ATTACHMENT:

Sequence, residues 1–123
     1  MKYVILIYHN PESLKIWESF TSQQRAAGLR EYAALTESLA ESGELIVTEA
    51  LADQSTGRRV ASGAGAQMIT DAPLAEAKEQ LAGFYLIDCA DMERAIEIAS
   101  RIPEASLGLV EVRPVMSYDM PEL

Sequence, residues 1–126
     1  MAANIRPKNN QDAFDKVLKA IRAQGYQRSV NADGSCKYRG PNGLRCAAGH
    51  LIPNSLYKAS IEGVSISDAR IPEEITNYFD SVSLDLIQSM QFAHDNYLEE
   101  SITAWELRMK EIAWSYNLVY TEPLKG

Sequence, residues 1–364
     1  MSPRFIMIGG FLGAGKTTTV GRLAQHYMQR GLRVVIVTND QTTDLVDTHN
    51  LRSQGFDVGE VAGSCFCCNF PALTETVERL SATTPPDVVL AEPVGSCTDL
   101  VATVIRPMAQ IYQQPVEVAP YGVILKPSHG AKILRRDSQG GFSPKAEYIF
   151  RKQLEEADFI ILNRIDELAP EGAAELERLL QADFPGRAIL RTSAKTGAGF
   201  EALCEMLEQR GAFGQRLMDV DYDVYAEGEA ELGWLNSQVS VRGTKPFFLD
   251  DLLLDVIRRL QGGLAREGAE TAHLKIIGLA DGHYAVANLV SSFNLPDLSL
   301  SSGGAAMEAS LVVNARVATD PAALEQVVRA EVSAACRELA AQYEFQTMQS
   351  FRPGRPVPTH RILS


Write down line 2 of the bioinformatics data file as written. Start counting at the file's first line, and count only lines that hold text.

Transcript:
     1  MKYVILIYHN PESLKIWESF TSQQRAAGLR EYAALTESLA ESGELIVTEA